Derek, mine looked almost exactly like yours.  An ugly oblong, hole that was not really big enough.  I guess my fix was good enough since no one has ever mentioned it at the shows.  (At least it is not the weak link.)

    edward ericson


    I never noticed it, Roy. And it’s not even paint-matched!

    Al Greig


    I cut a rectangular piece of fiberglass and painted to match and attached with machine screws. Fiberglass is fairly thick in this area and I taped the fiberglass to receive the screws.

    Al Greig


    That’s a nicer fix Al.  My adjustment screw sticks up above the fiberglass about 3/8″ so it wouldn’t have been so easy.  Truth is, mine was a hasty fix thrown on before Carlisle 2012 and I haven’t even thought about it since.  – til now.  



    Well, I got the carpet done in the Benz and finally was able to do the steering box access job for the MG.

    After removing the steering arm bolt, the bolts to the steering column, and the steering box clamp the steering box easily rotated forward and came out.

    As I suspected the adjustment screw was rubbing through the fiberglass from underneath.  So I taped the top to minimize splintering and drilled the pilot hole from underneath.

    Since the plastic cap I was going to use was 3/4″ I sharpened up my 3/4″ paddle bit and SLOWLY drilled the hole from the top.  PERFECT!!  Right in the center!

    And the cap fit perfectly.

    Getting it all back together was a little more challenging.  Once I had the box back in place and the clamps back on I had to crow bar the arm back onto the steering box.  It took me several tries to realign the grooves but I finally got it inched back on.

    So then, of course, I went to adjust my steering.  As you can see (one end of the blue tape to the other) I have almost 2 full inches of play.  That’s actually less than I thought but still feel dangerous over 45 mph.

    I made the adjustments to the screw and could only remove about 1/4″.  So I worked on the worm gear adjustment. 

    I took the hint of someone on Samba and used a 24mm nut and a pair of vise grips as my adjustment tool.

    But I still couldn’t get any more play out of it.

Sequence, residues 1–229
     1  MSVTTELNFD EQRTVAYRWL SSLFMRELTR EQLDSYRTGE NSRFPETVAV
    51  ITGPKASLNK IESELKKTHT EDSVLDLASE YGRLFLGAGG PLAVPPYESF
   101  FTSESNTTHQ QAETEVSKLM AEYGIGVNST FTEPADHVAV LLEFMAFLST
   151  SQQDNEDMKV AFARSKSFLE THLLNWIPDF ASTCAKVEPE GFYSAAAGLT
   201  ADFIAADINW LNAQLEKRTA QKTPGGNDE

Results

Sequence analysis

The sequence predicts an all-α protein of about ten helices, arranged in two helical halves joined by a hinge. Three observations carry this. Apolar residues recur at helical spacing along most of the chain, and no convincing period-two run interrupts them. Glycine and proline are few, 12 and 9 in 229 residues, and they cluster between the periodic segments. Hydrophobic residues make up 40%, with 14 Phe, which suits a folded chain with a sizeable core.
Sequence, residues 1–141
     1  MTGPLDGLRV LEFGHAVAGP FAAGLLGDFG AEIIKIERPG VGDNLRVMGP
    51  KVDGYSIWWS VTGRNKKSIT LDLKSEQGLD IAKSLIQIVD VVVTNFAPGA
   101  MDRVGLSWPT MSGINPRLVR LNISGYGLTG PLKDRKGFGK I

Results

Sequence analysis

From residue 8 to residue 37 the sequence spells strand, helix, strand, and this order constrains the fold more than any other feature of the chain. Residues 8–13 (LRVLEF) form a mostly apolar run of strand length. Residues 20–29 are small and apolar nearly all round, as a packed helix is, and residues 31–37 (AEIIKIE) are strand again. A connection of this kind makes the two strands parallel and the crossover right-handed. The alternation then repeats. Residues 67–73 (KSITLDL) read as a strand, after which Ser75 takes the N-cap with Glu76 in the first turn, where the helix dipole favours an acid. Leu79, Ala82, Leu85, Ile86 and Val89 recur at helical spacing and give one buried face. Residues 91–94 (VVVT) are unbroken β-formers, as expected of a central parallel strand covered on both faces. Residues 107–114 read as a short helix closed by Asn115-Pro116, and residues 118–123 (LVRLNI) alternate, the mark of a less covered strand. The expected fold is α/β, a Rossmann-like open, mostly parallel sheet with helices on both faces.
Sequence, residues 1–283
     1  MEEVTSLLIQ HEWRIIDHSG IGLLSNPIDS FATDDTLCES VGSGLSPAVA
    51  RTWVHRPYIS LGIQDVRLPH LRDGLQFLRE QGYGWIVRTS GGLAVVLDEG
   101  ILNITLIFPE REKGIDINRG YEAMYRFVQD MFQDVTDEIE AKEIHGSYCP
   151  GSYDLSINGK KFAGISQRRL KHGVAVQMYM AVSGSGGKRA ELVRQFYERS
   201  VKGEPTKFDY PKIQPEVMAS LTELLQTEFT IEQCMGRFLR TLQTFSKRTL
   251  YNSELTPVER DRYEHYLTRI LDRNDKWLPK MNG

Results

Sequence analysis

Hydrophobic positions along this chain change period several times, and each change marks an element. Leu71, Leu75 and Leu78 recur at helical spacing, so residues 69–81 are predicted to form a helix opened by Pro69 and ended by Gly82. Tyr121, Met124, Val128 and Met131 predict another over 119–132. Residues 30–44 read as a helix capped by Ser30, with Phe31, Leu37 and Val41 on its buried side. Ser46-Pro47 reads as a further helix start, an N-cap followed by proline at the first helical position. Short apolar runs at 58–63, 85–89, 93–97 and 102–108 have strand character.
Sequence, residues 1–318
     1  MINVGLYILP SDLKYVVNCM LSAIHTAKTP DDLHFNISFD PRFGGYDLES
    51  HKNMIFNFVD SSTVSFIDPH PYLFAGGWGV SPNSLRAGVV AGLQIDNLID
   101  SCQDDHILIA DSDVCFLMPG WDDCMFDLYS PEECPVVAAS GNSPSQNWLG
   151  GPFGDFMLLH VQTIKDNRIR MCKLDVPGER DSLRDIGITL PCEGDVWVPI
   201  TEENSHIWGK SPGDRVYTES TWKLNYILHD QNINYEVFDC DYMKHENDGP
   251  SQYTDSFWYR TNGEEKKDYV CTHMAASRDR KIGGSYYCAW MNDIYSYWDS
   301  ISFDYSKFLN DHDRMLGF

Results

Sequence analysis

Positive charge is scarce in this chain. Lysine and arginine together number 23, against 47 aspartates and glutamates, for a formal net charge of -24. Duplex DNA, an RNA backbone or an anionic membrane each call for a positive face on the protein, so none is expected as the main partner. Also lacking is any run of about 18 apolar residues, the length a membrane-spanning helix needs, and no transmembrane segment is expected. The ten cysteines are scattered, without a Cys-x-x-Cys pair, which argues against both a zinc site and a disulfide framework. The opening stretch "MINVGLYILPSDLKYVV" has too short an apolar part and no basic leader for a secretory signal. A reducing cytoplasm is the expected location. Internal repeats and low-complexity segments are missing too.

So then, with the tires off the ground I grabbed the tire and started moving it back and forth while looking to see where the play was.

    It turns out that I had not tightened the steering arm bolt firmly.  Once I grunted it down I was down to 1/2″ of play (just below the silver mark).  That I can live with.

    A little more frustration and time than I expected but overall it went well and I got my desired results.

    Now if it will just stop raining I’ll get her on the road for a test.

    edsnova2014-01-02 21:11:12



    So it finally stopped raining and I’m back in town so I took her out yesterday to see how the steering was after my adjustments.

    On the positive side, there is almost no play!!  Perfect.

    On the downside, I tightened the worm screw too much and overall the steering is too tight and does not return to center.

    One more adjustment and I should be good.

    When I get back in town…again…I’ll make the adjustment and all should be good.

    Next will be rejetting the weber carb.

    edward ericson


    This is why Muir advised against monkeying with the worm screw on the steering box, I think. Hope you can easily set it back close to where it was.

    And a good lesson for all: check every other thing first! Ball joints, rod-ends, rag joint…and that blasted bolt that holds the pitman arm to the steering shaft! Reminds me I gotta take a look at mine too, “while I’m in there…”.